I dont like the concepts of a traditional Abrahamic god. I redefine the above words as:

Omnipotent: able to do what is possible

Omniscient: knows what is knowable

Neither of the above are bound by human limits.

Omnibenevolent: Discarded...

Creator of the Universe: If creation of universes is within the scope of the knowable and possible, then yes.

My proofs only apply to the classical definitions of those words. See Monotheistic definitions here. Can you provide a new proof based you your definitions? If so, do share. Laughing


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Which brings me to my

Which brings me to my second post where I you applied your own interpretation of suffering.  Your omnibenevolent god could have a different interpretation.   Perhaps he sees them as good things.

But even with that aside by disproving that the gods can not exist under those strict circumstances does not mean that they do not exist.  It only implies that they don't have those characteristics.  You can not prove that they don't exist.

That's like saying that if you described me wearing a blue shirt, but I was not wearing a blue shirt, that I would not exist.

By your definition of whether those gods exist under your very strict definition, you would be also right to say that I don't exist because I'm not wearing a blue shirt and your description explicitly stated blue shirt.

I appreciate your effort to disprove god, and I think that everything you state was fine right up until your last conclusion which reminds me a lot of the type of argument that theists use to prove god.


wavefreak
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jackal wrote: wavefreak

jackal wrote:
wavefreak wrote:

I dont like the concepts of a traditional Abrahamic god. I redefine the above words as:

Omnipotent: able to do what is possible

Omniscient: knows what is knowable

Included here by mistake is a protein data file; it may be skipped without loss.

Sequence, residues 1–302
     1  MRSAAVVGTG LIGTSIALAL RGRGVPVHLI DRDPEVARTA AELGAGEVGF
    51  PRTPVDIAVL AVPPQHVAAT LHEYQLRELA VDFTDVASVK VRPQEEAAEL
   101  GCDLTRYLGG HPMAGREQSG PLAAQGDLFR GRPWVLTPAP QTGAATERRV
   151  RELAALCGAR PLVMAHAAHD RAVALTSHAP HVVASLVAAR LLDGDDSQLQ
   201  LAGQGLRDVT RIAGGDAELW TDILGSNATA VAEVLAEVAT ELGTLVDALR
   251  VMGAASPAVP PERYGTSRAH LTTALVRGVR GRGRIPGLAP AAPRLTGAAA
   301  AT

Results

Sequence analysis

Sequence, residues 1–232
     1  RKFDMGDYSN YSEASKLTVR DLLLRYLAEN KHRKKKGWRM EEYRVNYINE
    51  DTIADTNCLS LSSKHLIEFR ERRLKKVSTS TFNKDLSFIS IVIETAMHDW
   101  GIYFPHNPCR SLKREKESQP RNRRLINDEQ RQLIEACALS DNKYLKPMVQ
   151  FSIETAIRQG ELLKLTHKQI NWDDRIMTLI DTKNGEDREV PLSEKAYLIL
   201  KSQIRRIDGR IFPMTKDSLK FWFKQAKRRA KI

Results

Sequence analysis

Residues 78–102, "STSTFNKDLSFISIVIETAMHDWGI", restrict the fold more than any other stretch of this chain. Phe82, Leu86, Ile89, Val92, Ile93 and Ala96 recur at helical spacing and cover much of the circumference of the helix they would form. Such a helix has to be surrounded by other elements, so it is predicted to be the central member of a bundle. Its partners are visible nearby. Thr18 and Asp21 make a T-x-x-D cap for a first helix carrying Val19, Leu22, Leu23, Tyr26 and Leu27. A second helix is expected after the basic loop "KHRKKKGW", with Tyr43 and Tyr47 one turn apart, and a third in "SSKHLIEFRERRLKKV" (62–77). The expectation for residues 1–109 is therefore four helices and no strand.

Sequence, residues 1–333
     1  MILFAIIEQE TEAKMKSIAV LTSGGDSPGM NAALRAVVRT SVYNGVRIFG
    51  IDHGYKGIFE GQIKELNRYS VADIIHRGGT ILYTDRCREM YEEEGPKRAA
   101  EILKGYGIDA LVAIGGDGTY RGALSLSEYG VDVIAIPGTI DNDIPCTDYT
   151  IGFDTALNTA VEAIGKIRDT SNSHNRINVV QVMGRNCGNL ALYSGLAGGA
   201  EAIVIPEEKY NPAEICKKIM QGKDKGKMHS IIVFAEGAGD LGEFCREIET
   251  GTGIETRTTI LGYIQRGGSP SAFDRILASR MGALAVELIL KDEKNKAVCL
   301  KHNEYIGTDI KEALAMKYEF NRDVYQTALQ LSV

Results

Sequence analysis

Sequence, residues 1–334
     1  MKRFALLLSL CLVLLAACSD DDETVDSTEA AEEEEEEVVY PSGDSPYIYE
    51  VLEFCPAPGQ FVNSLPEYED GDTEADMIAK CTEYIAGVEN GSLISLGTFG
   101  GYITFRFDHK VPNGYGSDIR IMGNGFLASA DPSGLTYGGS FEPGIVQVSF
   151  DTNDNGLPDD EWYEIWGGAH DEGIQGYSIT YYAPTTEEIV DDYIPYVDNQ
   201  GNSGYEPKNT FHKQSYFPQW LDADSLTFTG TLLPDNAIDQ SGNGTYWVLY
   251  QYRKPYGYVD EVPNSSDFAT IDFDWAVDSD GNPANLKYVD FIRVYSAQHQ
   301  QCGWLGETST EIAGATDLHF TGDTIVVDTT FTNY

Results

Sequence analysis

Neither of the above are bound by human limits.

Omnibenevolent: Discarded...

Creator of the Universe: If creation of universes is within the scope of the knowable and possible, then yes.

My proofs only apply to the classical definitions of those words. See Monotheistic definitions here. Can you provide a new proof based you your definitions? If so, do share. Laughing

 

I'm working on it. I'll get back to you in a few years. Laughing Well, hopefully sooner. My view is that the problem with proofs of god is that there is a blind adherence to absolute definitions and these absolutes create obvious inconsistencies and contradictions. I am working on definitions that will fit better within a logical framework. If I come up with good enough definitions any proof will be first for the possibility of existence, not the certainty.


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Right, so you agree with

Right, so you agree with Jackal then, Tarpan. Jackal is not saying, "No Gods exist." Jackal is saying, "No Gods exist who fit these definitions." That's fine. It's a logical and valid argument.

 If Jackal defined a Tarpan as necessarily wearing a pink bunny suit, then if you're not wearing a pink bunny suit, you are not a Tarpan that Jackal is referring to. Hence, you need not worry about not existing. (You can still be a Tarpan, but NOT a Tarpan as she has defined it. If Tarpans were typically defined as wearing pink bunny suits, though, then your existence would probably be in question... Smiling)